It's my contention that if we followed the trajectory of the Bible to where it's pointing, we would find ourselves in a world where "justice can make its home" (2 Peter 3:13). But to follow that trajectory, we must know what the Bible actually says. 

That's where I'd like to come in. As a pastor with training in biblical languages, an obsession with the Bible, and a personal mission of reclaiming the Bible for love and liberation, I think I may have something to offer in the already-crowded bookshelf of Bible translations. During Christmastide 2023, I decided to begin my own translation of the Bible. 

First, as a way to continue my love affair with its pages. 

Second, as a way to continue my work in not surrendering the Bible's interpretation or translation to those with harmful theology.

Third, as a service to my congregation and other similarly-minded folks.

About the Translator

I have no PhD in Hebrew or Greek and no career in academia. I am, first and foremost, a clergyman who is very much dependent on the work of other scholars of language and Biblical theology. I have a seminary-level grasp of Hebrew and Greek that I am, admittedly, dusting off after some time away from the lexicons and grammars of classes past. 

Therefore, this translation I am offering is very much a work in progress. I imagine that the translation decisions I'm making today may change as the work progresses and my mastery of the biblical languages increases. However, I believe in Steve Jobs's adage, "Real artists ship." I could not wait until my entire translation was finished to share it. In part because, at the rate I'm going, I'll likely be in my 70s. And, in part, because I am eager for feedback from actual readers. If a translation fails to communicate to normal-ass people without a bookshelf full of commentaries, then it's a bad translation.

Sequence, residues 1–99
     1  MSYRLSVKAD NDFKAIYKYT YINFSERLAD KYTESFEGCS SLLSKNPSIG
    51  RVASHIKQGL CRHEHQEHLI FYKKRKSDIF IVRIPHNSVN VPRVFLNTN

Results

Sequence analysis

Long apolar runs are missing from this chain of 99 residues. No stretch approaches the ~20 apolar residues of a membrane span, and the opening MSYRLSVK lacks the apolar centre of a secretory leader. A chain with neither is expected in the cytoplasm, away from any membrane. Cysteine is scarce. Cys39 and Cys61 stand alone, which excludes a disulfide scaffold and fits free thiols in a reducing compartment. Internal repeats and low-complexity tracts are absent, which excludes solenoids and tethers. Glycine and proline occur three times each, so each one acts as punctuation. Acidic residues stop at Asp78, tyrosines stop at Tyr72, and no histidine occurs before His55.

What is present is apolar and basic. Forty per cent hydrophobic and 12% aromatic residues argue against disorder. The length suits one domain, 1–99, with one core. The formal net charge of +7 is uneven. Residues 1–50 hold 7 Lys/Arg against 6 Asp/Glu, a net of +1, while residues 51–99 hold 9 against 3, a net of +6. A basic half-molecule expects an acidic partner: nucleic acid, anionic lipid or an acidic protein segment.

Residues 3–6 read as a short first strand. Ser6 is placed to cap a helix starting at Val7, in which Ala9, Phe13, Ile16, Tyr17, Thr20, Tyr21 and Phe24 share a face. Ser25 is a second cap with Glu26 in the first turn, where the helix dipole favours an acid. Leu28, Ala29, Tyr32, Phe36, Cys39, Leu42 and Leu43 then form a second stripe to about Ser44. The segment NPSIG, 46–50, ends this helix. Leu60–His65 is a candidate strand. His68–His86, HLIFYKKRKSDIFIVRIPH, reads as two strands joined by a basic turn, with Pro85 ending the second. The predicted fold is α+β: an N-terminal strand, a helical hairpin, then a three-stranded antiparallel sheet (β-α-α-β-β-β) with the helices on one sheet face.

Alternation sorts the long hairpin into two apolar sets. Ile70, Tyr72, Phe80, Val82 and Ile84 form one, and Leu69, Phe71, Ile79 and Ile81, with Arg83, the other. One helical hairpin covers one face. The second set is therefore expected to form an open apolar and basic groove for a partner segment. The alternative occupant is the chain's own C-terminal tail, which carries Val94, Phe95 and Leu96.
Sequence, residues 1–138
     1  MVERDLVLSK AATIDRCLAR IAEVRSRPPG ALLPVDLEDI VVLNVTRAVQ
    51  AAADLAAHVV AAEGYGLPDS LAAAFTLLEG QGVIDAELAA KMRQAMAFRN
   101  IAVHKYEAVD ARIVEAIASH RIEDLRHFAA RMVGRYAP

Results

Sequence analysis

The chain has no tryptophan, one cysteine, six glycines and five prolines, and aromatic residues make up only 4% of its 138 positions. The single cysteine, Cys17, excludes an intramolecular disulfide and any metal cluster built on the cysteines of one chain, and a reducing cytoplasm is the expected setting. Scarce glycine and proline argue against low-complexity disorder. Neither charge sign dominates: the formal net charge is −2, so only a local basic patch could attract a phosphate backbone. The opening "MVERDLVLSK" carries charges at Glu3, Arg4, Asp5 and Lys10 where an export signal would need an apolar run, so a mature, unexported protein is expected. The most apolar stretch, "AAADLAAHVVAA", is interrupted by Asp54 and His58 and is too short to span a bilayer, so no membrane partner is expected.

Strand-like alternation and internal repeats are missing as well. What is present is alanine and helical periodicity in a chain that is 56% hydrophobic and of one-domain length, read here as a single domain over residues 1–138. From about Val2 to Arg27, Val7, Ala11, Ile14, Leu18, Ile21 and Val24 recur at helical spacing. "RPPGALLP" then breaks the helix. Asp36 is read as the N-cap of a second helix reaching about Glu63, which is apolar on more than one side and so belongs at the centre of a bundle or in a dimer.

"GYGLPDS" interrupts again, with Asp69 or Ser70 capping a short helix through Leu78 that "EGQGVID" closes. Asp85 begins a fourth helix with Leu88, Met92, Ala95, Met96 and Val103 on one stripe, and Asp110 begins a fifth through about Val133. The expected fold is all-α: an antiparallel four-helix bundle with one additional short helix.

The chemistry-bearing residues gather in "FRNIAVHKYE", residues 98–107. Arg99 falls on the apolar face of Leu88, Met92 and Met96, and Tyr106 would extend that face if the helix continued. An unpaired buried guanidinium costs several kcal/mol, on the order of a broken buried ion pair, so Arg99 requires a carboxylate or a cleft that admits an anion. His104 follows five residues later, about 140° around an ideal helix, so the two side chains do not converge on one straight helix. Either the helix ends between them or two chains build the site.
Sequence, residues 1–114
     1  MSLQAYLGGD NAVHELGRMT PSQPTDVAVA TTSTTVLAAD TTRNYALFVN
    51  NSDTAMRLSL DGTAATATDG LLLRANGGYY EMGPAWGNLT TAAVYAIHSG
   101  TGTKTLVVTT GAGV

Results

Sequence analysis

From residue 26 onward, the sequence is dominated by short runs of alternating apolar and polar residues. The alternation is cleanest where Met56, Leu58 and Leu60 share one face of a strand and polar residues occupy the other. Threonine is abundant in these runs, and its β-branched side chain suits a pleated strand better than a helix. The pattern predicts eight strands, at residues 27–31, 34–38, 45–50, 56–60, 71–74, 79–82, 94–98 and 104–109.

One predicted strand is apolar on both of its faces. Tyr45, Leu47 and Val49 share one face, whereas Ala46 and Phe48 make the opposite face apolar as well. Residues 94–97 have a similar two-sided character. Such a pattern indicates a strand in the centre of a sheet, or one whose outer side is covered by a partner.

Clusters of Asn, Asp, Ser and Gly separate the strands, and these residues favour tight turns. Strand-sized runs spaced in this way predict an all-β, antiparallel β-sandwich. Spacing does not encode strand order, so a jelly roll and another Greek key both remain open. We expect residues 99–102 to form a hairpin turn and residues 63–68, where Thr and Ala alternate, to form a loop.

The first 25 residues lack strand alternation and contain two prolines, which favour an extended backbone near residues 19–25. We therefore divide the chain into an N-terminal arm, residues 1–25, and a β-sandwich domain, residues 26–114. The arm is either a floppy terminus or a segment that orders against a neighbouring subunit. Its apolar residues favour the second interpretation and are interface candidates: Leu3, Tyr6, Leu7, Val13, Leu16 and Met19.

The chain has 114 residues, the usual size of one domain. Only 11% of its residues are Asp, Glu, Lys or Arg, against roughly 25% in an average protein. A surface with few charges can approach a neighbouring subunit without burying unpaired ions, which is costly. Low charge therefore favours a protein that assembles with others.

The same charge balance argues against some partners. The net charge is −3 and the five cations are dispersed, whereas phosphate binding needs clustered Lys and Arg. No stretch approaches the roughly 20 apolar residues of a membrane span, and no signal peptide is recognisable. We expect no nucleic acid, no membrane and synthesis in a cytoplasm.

I am committed to a few bare theological minimums. My Christian faith is Nicene in nature, meaning I believe in a Trinitarian God; that Jesus of Nazareth was the incarnation of God; that Jesus died, was buried, was bodily resurrected, and ascended to the right hand of God. For some, that makes me far too conservative to offer a "progressive" translation of Scripture. So be it.

However, my theological minimums also include a commitment to an anthropology shaped by the inclusion of LGBTQI+ people; feminism; antiracism; anticapitalism; Christian universalism (the belief that every creature will one day be reconciled with their creator, no exceptions); and an open and relational view of God (God's power is unable to be, in any way, coercive; the future is genuinely open and unknown to God). For some, this makes me far too liberal to offer an "accurate" translation of Scripture. So be it.

About the Translations